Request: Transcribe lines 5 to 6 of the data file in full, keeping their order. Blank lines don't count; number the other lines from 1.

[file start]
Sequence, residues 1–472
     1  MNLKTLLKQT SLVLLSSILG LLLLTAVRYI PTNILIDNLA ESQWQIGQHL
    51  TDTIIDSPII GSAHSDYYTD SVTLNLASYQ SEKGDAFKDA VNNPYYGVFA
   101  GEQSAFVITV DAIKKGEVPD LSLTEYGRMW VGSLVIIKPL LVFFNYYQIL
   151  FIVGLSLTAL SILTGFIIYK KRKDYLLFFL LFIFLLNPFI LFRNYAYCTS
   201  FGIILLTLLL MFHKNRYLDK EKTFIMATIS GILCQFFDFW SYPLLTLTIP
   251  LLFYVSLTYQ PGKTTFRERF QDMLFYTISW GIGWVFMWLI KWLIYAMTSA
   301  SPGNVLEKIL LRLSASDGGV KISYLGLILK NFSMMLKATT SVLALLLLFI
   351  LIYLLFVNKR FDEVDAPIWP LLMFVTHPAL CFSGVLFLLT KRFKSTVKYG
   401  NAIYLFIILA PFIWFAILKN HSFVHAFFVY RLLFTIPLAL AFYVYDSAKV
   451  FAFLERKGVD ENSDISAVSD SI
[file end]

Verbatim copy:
   151  FIVGLSLTAL SILTGFIIYK KRKDYLLFFL LFIFLLNPFI LFRNYAYCTS
   201  FGIILLTLLL MFHKNRYLDK EKTFIMATIS GILCQFFDFW SYPLLTLTIP